The most famous fictional character in the world in the last generation was a child, Harry Potter. When the films of JK Rowling's books came to be made, they helped define a new type of CGI fantasy cinema. In the era of the camera phone, children are being filmed more than ever before, by their relatives and friends. A vast digital visual archive of childhood is being created. And yet, in our same era, we are more wary of filming other people's children than ever before. Images of childhood are escapist, multiple, personal and contested.
But beyond the fantasy child, the everywhere child, and the policed image of children, we are living in a golden age of films about children, and haven't quite noticed. Movie directors in Iran, Japan, the UK, Holland and elsewhere are releasing masterpieces about childhood. Why is this golden age happening, and why does it matter?
In the era of the Hollywood studio, child actors like Shirley Temple and Mickey Rooney, both of whom died recently, gave plucky, stylised, showbiz performances. Shooting in a studio, they were surrounded by scores of technicians, large cameras and forests of light stands. Under such circumstances it was hard for a kid to behave naturally. They had to be highly directed, puppeteered almost.
In recent decades, by contrast, the radical miniaturisation of shooting equipment has meant that child performers can be far less intimidated by the movie making process. Of course the Harry Potter movies are still big studio production numbers, but in smaller budget movies, children can be filmed anywhere, with few people behind the camera and no light blasting them. As a result of this, child performances in films like Clio Barnard's recent The Selfish Giant have become more honest; young characters have more agency than at almost any other time in the history of the movies. Children are ad-libbing in front of the camera more, and, in a string of masterpieces made in Iran, improvising. In this golden age of children's cinema, the movies feel as if they are being co-directed by the child and the filmmakers.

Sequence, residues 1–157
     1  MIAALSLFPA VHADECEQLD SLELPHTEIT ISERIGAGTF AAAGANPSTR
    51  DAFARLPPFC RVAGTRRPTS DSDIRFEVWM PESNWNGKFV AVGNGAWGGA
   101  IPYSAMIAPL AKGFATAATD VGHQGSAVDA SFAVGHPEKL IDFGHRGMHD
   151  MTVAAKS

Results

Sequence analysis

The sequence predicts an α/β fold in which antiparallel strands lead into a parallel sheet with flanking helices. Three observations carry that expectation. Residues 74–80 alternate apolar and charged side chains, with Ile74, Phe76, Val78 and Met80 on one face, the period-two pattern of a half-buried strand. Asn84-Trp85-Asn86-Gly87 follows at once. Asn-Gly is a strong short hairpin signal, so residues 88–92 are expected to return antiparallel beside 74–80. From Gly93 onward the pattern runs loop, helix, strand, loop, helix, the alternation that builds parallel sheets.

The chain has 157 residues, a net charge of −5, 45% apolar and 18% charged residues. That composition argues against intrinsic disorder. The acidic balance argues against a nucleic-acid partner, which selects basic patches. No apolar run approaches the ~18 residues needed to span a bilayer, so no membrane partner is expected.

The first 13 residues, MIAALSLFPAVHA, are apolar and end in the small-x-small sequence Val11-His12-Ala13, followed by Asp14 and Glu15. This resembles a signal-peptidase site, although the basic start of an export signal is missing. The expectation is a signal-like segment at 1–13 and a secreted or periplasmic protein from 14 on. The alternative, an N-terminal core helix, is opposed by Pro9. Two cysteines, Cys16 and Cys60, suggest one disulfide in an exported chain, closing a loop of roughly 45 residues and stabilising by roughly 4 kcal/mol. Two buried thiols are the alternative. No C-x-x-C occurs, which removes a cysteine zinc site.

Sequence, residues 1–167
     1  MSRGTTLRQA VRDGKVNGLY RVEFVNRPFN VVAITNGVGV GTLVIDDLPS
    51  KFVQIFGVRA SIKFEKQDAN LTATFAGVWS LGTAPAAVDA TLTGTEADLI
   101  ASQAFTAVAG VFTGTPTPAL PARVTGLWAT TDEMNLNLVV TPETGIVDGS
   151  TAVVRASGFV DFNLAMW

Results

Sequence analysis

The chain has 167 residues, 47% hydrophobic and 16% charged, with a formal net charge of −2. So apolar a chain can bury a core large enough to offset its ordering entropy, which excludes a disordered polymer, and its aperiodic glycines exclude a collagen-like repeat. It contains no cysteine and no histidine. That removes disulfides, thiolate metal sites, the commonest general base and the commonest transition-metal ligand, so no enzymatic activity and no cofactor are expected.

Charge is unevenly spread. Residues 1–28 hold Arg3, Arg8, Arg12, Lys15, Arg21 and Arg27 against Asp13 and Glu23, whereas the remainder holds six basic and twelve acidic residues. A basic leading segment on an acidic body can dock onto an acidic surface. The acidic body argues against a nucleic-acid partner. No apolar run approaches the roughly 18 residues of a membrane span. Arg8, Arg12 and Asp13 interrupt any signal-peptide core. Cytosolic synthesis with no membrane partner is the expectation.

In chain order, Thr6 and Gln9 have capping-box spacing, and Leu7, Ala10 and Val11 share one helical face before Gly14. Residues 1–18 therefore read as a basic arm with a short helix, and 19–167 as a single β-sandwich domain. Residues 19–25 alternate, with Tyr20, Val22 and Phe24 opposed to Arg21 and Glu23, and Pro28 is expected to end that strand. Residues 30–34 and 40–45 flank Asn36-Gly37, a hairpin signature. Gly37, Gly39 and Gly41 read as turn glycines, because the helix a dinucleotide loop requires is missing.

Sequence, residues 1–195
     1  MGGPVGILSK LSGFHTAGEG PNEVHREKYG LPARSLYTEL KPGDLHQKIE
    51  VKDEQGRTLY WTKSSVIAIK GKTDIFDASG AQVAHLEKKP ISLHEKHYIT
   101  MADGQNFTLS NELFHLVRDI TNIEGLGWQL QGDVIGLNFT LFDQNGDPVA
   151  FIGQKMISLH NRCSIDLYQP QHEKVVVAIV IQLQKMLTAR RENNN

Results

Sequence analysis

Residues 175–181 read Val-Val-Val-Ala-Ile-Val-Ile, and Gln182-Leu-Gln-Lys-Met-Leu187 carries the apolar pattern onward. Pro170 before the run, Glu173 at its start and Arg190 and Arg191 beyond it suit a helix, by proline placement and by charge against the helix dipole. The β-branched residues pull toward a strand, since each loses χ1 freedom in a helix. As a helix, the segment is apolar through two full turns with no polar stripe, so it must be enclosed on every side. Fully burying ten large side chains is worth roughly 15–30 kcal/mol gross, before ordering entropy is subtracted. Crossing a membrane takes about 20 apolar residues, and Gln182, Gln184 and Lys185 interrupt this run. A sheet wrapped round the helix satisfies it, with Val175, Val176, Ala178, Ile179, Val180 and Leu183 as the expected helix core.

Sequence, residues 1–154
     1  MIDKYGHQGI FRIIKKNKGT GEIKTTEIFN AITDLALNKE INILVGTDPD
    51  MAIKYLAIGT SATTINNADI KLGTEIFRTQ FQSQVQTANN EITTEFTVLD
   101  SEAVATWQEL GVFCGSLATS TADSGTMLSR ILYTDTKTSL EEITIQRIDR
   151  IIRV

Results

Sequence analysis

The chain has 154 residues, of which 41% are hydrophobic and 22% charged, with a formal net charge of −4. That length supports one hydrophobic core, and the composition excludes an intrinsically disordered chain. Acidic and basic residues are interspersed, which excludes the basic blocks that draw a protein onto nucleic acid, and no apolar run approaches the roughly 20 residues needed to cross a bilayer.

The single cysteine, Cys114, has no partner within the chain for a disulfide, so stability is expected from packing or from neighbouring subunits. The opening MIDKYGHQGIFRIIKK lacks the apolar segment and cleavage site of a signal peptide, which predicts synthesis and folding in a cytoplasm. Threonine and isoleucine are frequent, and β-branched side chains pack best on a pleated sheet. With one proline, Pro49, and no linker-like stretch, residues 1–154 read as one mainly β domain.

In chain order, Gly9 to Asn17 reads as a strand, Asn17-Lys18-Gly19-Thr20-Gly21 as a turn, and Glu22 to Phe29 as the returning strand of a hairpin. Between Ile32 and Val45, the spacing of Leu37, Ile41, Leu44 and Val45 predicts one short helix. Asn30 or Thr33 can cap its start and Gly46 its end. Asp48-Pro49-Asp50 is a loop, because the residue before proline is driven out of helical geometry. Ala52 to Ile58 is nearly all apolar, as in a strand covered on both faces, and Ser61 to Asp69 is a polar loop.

To show and celebrate this plenitude, I've programmed The Cinema of Childhood, a season of seventeen films from around the world, which will screen cinemas UK-wide from 11 April. We've got three extraordinary films by Mohammad-Ali Talebi, in which the Iranian director, who will visit the UK for the first time for the screenings, sends his pre-teen characters on journeys as complex as Cary Grant's in Alfred Hitchcock's North by Northwest. In Willow and Wind, The Boot and Bag of Rice we see childhood fortitude and daring, as well as those shocking moments when a child strays into danger without knowing it. Talebi's work has grace and grandeur. He's one of the world's best filmmakers.
Also in the season is a stunning Polish film, Crows, directed by Dorota Kedzierzawska, in which a little girl steals an even smaller girl and they run to the sea. The thief is understimulated, so she walks on the wild side. The recent Japanese films of Hirokazu Kore-eda - in particular I Wish and Nobody Knows - have been acclaimed and deeply moving portraits of semi-alone kids in cities, who form families of their own. The best Japanese film that we are showing is Moving, by Shinji Somai, which is from slightly further back but whose gorgeous visuals and swelling emotions make us feel that we are seeing childhood anew.
Cinema of Childhood has recent examples of great movies about children, but it also looks backwards to see where this golden age came from. In Britain, of course, Ken Loach's still fresh Kes set a high water mark. We're showing a gorgeous Japanese film from the 1930s, Children in the Wind, in which a boy seems like father to a man, and a short movie, Palle Alone in the World, by one of the world's best directors of children, Astrid Henning-Jensen. Also, from America, we're screening Little Fugitive, a raw, vivid and tender movie about a boy who thinks that he has killed his brother, so runs away to a fun fair.
The revelation comes from recognition - that we are seeing through the eyes of the children themselves. These films matter, and are amongst the best in the world, because they show universal things: curiosity, uncensored thinking, surrealism and the process of attaching, of caring about the world outside ourselves.
Cinema is an empathy machine. The films we are showing are adventures, embraces.